This report describes recent progress made in developing and utilizing hybrid Simulated, Emulated, and Physical Investigative Analysis (SEPIA) environments. Many organizations require advanced tools to analyze their information system's security, reliability, and resilience against cyber attack. Today's security analysis utilize real systems such as computers, network routers and other network equipment, computer emulations (e.g., virtual machines) and simulation models separately to analyze interplay between threats and safeguards. In contrast, this work developed new methods to combine these three approaches to provide integrated hybrid SEPIA environments. Our SEPIA environments enable an analyst to rapidly configure hybrid environments to pass network traffic and perform, from the outside, like real networks. This provides higher fidelity representations of key network nodes while still leveraging the scalability and cost advantages of simulation tools. The result is to rapidly produce large yet relatively low-cost multi-fidelity SEPIA networks of computers and routers that let analysts quickly investigate threats and test protection approaches.

Burton, David P.; Van Leeuwen, Brian P.; McDonald, Michael James; Onunkwo, Uzoma A.; Tarman, Thomas David; Urias, Vincent E.

2009-09-01T23:59:59.000Z

78

Simulation based Bayesian econometric inference: principles and some recent computational advances  

E-Print Network [OSTI]

2007/15 Simulation based Bayesian econometric inference: principles and some recent computational/15 Simulation based Bayesian econometric inference: principles and some recent computational advances Lennart F aspects of simulation based Bayesian econometric inference. We start at an elementary level on basic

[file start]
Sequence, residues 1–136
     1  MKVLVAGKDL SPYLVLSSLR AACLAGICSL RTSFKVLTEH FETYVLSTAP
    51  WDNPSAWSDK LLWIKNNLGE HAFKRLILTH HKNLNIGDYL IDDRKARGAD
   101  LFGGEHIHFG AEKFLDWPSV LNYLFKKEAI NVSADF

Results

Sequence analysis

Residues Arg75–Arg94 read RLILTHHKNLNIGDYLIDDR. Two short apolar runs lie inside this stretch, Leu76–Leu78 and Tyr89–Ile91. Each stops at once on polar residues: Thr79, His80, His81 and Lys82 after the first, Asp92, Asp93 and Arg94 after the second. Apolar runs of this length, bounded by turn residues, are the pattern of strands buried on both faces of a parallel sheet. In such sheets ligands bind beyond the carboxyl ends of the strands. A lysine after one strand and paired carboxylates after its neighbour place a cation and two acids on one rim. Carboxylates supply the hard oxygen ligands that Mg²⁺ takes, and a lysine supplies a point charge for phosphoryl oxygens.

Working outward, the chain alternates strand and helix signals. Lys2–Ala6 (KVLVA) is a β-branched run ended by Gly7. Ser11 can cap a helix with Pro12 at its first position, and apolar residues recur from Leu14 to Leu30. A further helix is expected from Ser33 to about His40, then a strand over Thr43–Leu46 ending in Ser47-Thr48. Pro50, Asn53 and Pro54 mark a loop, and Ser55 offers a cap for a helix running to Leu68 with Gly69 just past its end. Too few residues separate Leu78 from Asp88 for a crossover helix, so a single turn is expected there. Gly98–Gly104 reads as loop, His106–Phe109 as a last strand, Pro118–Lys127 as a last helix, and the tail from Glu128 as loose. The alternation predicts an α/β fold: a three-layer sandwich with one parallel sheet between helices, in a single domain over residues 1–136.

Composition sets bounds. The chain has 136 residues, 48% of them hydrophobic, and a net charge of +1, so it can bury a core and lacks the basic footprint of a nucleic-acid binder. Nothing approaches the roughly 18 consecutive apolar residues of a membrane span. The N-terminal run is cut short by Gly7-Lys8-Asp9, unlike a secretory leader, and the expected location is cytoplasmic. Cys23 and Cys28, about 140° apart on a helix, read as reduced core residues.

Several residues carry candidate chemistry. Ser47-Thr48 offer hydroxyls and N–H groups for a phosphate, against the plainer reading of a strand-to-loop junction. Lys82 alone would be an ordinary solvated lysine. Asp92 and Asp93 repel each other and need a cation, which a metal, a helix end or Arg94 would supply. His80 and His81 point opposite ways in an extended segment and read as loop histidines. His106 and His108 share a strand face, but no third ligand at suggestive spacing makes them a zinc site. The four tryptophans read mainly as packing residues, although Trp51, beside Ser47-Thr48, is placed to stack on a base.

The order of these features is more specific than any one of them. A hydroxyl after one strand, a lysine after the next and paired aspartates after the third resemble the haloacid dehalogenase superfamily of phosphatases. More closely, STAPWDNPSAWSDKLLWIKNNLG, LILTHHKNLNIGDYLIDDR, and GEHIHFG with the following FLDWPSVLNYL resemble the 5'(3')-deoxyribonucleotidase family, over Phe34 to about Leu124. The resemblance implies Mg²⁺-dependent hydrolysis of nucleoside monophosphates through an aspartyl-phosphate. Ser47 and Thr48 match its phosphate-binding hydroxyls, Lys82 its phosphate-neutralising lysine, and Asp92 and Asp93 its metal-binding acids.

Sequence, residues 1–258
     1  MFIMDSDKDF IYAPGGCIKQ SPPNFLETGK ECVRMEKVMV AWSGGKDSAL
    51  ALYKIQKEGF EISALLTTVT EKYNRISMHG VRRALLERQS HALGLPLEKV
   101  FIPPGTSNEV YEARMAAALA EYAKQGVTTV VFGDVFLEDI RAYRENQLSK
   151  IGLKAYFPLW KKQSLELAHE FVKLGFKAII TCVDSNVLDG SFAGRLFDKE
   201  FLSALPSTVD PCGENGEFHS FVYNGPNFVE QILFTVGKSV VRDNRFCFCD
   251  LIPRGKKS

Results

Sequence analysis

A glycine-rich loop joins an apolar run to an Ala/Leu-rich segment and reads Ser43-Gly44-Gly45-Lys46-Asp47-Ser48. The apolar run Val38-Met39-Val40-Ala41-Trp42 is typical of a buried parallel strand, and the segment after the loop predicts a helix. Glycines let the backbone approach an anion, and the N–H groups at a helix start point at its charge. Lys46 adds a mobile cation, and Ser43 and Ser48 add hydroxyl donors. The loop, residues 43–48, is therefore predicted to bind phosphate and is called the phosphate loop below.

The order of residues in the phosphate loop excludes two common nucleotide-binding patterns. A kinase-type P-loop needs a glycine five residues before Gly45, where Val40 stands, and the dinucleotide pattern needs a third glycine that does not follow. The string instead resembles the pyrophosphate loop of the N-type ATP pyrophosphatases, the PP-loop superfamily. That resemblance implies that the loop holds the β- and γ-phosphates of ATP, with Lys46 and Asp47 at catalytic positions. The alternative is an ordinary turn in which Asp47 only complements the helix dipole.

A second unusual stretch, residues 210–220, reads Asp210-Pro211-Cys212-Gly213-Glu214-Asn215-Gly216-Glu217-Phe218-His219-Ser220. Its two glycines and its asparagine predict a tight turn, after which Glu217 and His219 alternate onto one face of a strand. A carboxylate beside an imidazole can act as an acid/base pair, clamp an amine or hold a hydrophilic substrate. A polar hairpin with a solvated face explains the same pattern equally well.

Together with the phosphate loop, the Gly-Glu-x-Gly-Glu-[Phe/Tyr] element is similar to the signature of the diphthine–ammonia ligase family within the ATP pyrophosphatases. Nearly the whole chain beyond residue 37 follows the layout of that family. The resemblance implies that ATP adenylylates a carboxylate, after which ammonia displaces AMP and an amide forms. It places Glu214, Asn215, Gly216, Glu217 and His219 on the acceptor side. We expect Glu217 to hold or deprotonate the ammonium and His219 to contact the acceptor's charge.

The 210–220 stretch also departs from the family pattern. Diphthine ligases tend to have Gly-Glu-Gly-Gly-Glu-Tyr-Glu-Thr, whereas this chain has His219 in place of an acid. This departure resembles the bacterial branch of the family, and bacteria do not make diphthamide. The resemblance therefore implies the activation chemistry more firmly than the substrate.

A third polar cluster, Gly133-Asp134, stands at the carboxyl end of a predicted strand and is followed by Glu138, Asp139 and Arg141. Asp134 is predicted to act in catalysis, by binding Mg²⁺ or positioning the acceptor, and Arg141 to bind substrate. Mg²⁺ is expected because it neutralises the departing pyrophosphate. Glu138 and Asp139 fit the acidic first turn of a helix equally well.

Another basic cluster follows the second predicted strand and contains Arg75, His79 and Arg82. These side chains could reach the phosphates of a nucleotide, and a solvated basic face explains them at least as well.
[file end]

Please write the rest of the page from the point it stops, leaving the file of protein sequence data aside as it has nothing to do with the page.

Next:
Nesterov, Yurii

79

advanced test-analysis model: Topics by E-print Network  

Broader source: All U.S. Department of Energy (DOE) Office Webpages (Extended Search)

. . . . 18 3.4.1 Heat Exchanger - Code description . . . . . . . . . . . . . . . 18 3.4.2 Simulation ResultsADVANCED POWER PLANT MODELING WITH APPLICATIONS TO THE ADVANCED BOILING...

80

analysis latest advances: Topics by E-print Network  

Broader source: All U.S. Department of Energy (DOE) Office Webpages (Extended Search)

in the TMVA ... Becherini, Y; Pita, S; Punch, M 2012-01-01 75 Advanced holographic nondestructive testing system for residual stress analysis CERN Preprints Summary: The design and...

Note: This page contains sample records for the topic "analysis advanced simulation" from the National Library of EnergyBeta (NLEBeta).
While these samples are representative of the content of NLEBeta,
they are not comprehensive nor are they the most current set.
We encourage you to perform a real-time search of NLEBeta
to obtain the most current and comprehensive results.


81

Advanced Vulnerability Analysis and Intrusion Detection Through Predictive Attack Graphs  

E-Print Network [OSTI]

Advanced Vulnerability Analysis and Intrusion Detection Through Predictive Attack Graphs Steven, without considering how they contribute to overall attack risk. Similarly, intrusion alarms are logged threats, complexity of security data, and network growth. Our approach to network defense applies attack